I’ve tried to vary hex extraction from [0:8] to [0:16] but that doesn’t work too:
3967677919.0 1970-01-29 2440592.0922198137
1015725547344.0 1970-01-29 2441763.108272389
260025740120242.0 1970-02-01 2741543.2177317617
6.656658947078206e+16 1972-07-09 79485251.2393311
1.7041046904520208e+19 2595-02-01 19725874504.76876
So the observation that its the first 11 hex digits that of interest is probably correct.
And from the Python docs the time.time() is: time.time () → float
Return the time in seconds since the epoch as a floating point number. The specific date of the epoch and the handling of leap seconds is platform dependent. On Windows and most Unix systems, the epoch is January 1, 1970, 00:00:00 (UTC) and leap seconds are not counted towards the time in seconds since the epoch.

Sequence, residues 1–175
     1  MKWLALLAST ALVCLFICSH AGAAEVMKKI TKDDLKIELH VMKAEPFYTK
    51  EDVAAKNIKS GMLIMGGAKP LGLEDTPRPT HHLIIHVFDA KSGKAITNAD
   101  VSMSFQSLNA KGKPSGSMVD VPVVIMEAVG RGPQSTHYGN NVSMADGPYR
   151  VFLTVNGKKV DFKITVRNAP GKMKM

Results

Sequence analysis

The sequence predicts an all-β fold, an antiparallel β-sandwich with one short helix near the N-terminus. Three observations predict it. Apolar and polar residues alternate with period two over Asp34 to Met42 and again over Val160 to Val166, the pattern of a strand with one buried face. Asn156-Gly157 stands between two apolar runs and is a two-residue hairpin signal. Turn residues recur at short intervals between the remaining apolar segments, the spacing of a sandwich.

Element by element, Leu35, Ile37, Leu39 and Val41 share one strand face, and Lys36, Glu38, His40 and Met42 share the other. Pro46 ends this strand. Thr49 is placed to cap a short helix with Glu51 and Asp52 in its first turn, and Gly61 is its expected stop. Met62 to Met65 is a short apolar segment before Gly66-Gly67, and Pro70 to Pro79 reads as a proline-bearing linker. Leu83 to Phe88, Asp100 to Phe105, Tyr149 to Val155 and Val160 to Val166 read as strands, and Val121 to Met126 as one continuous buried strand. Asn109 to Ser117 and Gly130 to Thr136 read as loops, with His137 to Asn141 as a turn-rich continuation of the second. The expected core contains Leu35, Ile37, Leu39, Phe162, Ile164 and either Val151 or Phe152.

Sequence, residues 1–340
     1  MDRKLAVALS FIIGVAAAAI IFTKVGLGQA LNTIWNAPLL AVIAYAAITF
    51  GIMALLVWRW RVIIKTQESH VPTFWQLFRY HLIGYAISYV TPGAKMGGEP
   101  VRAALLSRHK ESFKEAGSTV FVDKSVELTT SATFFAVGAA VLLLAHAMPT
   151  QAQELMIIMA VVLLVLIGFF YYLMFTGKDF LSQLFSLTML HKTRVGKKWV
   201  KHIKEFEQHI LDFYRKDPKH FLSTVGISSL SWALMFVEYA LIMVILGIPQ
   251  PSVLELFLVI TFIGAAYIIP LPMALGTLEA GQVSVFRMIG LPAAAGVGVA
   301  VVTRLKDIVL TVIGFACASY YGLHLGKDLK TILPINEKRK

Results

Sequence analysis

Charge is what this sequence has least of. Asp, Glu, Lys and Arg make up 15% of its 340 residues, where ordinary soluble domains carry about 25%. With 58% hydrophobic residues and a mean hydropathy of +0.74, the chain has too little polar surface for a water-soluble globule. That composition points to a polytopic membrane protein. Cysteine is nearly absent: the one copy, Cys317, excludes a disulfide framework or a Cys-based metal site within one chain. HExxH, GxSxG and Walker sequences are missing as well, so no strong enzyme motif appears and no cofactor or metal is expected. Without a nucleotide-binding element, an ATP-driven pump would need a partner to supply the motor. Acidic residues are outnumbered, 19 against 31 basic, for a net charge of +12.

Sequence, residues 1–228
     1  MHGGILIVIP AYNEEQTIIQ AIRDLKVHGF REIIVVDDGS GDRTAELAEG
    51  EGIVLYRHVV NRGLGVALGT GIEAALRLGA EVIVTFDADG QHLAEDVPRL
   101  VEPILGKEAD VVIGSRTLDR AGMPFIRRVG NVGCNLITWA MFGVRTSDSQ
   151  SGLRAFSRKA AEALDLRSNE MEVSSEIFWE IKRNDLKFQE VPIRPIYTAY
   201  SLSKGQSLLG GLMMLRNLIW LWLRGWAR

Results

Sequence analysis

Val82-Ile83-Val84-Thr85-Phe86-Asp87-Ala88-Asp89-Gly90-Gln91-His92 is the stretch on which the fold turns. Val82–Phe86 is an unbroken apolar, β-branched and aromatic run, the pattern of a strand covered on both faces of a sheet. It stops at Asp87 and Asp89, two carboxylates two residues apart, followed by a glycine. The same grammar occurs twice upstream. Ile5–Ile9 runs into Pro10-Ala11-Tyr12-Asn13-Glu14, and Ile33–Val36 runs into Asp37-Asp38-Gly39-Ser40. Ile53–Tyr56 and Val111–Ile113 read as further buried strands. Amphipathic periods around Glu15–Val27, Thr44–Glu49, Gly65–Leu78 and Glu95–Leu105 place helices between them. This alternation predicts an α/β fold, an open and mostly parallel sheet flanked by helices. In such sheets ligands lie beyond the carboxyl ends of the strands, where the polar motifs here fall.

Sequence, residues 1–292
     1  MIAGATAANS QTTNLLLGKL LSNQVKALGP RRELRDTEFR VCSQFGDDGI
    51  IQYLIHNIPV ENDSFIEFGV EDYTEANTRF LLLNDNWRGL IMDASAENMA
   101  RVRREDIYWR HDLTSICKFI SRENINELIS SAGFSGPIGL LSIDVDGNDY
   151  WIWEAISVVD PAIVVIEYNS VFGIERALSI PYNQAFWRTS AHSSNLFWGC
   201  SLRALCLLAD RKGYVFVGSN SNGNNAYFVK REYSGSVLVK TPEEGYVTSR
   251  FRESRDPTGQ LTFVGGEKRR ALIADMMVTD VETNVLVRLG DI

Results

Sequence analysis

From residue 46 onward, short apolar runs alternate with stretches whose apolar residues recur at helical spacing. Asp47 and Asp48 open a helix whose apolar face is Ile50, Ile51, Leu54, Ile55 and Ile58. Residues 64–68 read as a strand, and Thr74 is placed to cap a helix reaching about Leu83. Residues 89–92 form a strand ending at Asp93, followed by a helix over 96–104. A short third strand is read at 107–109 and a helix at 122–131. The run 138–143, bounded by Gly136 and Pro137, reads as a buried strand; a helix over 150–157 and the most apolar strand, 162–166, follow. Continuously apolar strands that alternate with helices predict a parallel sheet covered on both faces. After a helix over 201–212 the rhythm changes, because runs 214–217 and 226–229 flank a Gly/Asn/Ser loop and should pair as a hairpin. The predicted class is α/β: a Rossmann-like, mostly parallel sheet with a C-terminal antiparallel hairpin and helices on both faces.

The description of date.fromtimestamp() is: classmethoddate.fromtimestamp (timestamp )
Return the local date corresponding to the POSIX timestamp, such as is returned by time.time().
This may raise OverflowError, if the timestamp is out of the range of values supported by the platform C localtime() function, and OSError on localtime() failure. It’s common for this to be restricted to years from 1970 through 2038. Note that on non-POSIX systems that include leap seconds in their notion of a timestamp, leap seconds are ignored by fromtimestamp().
So I don’t think you need to perform any arithmetic to get the local time, just run the first 11 hex digits converted to float to date.fromtimestamp.